Here’s a paradox. You cannot fudge looking confident on video but you can fudge confidence to look good on video.
As a documentary cameraman, I spent thousands of hours studying people’s faces while they talked. I could always tell when they weren’t confident. I didn’t know why I just knew.
Then I worked on a documentary series called Primal Instincts with Dr Paul Ekman also known as "the best human lie detector in the world.” In between filming, I would discuss my observations with him. He suggested I was picking up on microexpressions. Microexpressions cannot be controlled as they happen in a fraction of a second, they are encoded in facial muscles, they cannot be hidden.
Up until the 1990s, there were seven universal emotions: disgust, anger, fear, sadness, happiness, contempt, and surprise. Paul Ekman expanded his list of emotions. These emotions are amusement, embarrassment, anxiety, guilt, pride, relief, contentment, pleasure, and shame.
Embarrassment and anxiety. This is what I was seeing. They were masking it but they couldn’t hide it.
I was also seeing something else. I started to realise that the best light, the sexiest, the softest, the most flattering light I had in my lighting kit was empathy. I used to make people look good with technology until I realised that empathy was a much better brush.
Be it a politician or a plumber, a model or a mathematician, if they looked uncomfortable, I spent a minute or so with them, gave them a few tips, physically touched them, said ‘I get that it feels uncomfortable but I’m working to make you shine.’
If they believed it they would project it. Getting them to start lighting themselves on the inside was far more effective than any light I could throw on them from the outside.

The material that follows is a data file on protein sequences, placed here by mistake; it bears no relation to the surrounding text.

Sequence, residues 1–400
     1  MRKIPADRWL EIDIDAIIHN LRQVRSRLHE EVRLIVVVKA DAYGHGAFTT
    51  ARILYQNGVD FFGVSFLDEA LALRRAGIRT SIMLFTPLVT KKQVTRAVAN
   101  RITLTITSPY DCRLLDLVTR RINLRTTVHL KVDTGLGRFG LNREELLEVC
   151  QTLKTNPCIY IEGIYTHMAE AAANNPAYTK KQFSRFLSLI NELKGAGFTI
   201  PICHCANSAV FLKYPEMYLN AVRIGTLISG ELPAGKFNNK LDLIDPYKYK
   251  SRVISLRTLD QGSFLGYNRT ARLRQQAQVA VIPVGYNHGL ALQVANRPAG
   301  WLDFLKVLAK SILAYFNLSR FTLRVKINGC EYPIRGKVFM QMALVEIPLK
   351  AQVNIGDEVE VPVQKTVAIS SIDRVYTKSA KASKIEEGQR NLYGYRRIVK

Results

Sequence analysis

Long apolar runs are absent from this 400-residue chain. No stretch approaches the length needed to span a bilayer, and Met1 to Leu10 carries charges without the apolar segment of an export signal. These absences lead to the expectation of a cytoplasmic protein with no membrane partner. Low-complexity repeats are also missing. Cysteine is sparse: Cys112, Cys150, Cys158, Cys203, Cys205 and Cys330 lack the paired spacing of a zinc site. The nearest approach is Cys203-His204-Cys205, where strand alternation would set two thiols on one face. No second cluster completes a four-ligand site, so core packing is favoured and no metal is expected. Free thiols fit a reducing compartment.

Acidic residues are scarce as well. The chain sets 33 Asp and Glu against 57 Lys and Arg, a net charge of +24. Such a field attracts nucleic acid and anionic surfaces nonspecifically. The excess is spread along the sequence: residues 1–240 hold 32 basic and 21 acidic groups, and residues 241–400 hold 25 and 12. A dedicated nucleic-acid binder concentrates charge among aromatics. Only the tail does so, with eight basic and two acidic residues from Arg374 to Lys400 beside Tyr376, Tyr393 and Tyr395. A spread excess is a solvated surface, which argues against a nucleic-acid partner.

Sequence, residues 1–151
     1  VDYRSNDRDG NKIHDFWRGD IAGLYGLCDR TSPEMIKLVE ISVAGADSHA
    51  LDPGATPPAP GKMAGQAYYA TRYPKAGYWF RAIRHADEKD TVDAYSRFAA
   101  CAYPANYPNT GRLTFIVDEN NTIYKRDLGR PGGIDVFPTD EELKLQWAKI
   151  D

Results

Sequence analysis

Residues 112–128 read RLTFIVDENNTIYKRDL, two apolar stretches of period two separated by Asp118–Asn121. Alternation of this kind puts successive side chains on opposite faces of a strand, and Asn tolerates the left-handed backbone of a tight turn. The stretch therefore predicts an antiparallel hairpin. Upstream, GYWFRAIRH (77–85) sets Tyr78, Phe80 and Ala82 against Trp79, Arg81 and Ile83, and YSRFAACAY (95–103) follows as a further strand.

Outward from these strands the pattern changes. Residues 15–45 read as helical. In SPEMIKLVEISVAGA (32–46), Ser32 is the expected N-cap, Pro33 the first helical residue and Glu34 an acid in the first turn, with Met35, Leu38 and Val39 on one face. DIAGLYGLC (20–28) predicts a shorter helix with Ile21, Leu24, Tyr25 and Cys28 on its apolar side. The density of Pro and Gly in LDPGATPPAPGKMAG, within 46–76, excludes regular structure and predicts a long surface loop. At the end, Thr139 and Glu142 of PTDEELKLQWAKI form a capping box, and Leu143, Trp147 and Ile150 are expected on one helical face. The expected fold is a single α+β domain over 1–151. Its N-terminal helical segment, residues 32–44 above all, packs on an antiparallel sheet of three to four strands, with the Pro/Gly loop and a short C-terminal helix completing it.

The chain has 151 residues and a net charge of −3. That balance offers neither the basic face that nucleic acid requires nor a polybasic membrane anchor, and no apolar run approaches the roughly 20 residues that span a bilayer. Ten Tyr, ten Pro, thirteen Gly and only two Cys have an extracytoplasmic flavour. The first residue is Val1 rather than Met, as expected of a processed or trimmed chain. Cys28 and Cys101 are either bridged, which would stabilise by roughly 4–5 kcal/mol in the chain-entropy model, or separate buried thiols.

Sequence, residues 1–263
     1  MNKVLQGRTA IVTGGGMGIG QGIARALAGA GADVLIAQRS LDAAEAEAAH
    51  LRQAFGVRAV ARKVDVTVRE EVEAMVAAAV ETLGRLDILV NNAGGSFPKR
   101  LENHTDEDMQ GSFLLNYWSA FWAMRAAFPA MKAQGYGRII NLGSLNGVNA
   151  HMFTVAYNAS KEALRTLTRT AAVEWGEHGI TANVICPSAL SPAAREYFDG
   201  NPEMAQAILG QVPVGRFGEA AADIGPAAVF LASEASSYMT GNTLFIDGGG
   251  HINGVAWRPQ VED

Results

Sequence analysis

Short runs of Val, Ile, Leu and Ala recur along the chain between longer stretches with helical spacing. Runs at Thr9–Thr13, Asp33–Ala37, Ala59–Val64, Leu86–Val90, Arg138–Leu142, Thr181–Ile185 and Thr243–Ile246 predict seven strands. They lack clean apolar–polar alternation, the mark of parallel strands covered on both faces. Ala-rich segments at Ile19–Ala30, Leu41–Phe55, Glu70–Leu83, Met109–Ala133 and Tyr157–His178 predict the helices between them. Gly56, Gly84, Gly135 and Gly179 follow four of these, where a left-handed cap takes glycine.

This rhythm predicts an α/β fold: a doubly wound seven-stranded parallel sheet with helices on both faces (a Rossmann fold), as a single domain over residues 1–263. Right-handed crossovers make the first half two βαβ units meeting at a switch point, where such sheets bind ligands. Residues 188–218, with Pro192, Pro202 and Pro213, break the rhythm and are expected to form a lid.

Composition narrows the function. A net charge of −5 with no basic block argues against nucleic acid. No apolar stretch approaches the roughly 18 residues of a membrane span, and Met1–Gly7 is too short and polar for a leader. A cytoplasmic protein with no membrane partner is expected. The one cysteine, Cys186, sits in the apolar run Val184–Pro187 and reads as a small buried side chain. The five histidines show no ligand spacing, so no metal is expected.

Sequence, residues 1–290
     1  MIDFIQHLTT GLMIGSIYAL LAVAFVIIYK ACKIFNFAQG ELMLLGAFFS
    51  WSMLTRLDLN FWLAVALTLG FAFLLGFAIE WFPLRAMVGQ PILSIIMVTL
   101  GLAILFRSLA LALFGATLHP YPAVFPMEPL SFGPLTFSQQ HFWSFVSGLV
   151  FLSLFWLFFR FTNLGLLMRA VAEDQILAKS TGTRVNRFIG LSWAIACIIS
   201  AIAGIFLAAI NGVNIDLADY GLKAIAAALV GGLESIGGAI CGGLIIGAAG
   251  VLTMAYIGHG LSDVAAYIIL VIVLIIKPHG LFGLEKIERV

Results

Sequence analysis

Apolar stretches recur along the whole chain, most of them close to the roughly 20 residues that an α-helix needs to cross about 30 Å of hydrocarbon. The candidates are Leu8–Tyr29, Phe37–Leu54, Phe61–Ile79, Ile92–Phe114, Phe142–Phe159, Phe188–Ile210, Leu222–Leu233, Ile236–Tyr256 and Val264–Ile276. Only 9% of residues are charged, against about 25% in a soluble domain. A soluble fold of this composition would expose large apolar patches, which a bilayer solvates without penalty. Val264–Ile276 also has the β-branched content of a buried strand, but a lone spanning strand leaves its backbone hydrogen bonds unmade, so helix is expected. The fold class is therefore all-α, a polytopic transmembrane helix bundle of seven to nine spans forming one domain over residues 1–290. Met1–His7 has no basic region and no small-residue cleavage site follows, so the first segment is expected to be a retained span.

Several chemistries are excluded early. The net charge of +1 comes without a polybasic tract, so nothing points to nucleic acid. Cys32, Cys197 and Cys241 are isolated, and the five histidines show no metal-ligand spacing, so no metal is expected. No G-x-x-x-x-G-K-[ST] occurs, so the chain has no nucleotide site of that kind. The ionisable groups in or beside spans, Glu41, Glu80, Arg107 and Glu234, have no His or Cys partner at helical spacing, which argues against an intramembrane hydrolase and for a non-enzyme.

With self-belief you establish a relationship with your audience much much faster than without it.
A clear-cut case I experienced was with a TV foreign correspondent. She was and still is, top of her game in reporting world events. Professional and polished in front of the camera, there was always something wrong. I knew it was a facial blemish she was self-conscious about.
So I’d put the thumbprint filter on for her. It’s an old Hollywood trick from the glamour days. You wipe your thumb on your forehead to pick up a light film of skin oil then press your thumb on the lens as you look through the viewfinder so the smudge ended neatly over the subject’s face. Then you’d get a hanky and feather the edges. It was a poor man’s soft-focus beauty effect.
BUT … here’s the thing. When I feathered it down with the hanky, bit by bit, all I was doing was wiping the lens clean at the same time reassuring her she was looking great. There was no soft focus filter but her internal confidence was up and she looked great on camera.
This is why I say you cannot fudge looking confident on video but you can fudge confidence to look good on video.
If you want to genuinely shine on video come to the Camera Confidence Workshops. I’ll show you how to look and sound like you've had your own chat show your whole life but we do it in a fraction of the time and I'll show you how to use a Courage Compass. It always points you to career opportunity.
Confidently presenting yourself on video is now an essential career skill.
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